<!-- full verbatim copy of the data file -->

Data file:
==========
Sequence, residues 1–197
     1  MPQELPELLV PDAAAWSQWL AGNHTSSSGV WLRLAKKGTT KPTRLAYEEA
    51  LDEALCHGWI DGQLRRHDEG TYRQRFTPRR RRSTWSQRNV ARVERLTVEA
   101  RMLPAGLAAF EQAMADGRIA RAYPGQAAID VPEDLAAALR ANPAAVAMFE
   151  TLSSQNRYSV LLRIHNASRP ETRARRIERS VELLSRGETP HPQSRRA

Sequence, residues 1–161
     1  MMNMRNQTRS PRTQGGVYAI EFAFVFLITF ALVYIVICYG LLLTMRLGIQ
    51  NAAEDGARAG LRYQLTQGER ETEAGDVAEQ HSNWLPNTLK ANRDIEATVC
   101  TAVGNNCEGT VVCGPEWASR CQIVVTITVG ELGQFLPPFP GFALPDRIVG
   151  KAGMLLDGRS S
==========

Sequence, residues 1–197
     1  MPQELPELLV PDAAAWSQWL AGNHTSSSGV WLRLAKKGTT KPTRLAYEEA
    51  LDEALCHGWI DGQLRRHDEG TYRQRFTPRR RRSTWSQRNV ARVERLTVEA
   101  RMLPAGLAAF EQAMADGRIA RAYPGQAAID VPEDLAAALR ANPAAVAMFE
   151  TLSSQNRYSV LLRIHNASRP ETRARRIERS VELLSRGETP HPQSRRA

Sequence, residues 1–161
     1  MMNMRNQTRS PRTQGGVYAI EFAFVFLITF ALVYIVICYG LLLTMRLGIQ
    51  NAAEDGARAG LRYQLTQGER ETEAGDVAEQ HSNWLPNTLK ANRDIEATVC
   101  TAVGNNCEGT VVCGPEWASR CQIVVTITVG ELGQFLPPFP GFALPDRIVG
   151  KAGMLLDGRS S